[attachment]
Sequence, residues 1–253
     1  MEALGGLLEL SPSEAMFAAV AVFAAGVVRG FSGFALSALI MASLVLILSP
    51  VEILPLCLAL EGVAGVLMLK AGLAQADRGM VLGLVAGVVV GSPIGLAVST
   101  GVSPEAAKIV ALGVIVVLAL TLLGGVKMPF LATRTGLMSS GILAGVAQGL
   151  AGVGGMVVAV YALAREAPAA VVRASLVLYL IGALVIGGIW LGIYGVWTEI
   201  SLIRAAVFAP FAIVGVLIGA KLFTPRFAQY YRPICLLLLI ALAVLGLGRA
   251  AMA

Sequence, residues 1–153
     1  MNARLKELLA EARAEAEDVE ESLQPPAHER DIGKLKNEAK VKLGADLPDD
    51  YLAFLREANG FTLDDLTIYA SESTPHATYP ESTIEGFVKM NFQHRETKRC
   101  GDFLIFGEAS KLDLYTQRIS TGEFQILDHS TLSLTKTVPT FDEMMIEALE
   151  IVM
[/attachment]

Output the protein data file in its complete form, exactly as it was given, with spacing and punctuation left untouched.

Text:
Sequence, residues 1–253
     1  MEALGGLLEL SPSEAMFAAV AVFAAGVVRG FSGFALSALI MASLVLILSP
    51  VEILPLCLAL EGVAGVLMLK AGLAQADRGM VLGLVAGVVV GSPIGLAVST
   101  GVSPEAAKIV ALGVIVVLAL TLLGGVKMPF LATRTGLMSS GILAGVAQGL
   151  AGVGGMVVAV YALAREAPAA VVRASLVLYL IGALVIGGIW LGIYGVWTEI
   201  SLIRAAVFAP FAIVGVLIGA KLFTPRFAQY YRPICLLLLI ALAVLGLGRA
   251  AMA

Sequence, residues 1–153
     1  MNARLKELLA EARAEAEDVE ESLQPPAHER DIGKLKNEAK VKLGADLPDD
    51  YLAFLREANG FTLDDLTIYA SESTPHATYP ESTIEGFVKM NFQHRETKRC
   101  GDFLIFGEAS KLDLYTQRIS TGEFQILDHS TLSLTKTVPT FDEMMIEALE
   151  IVM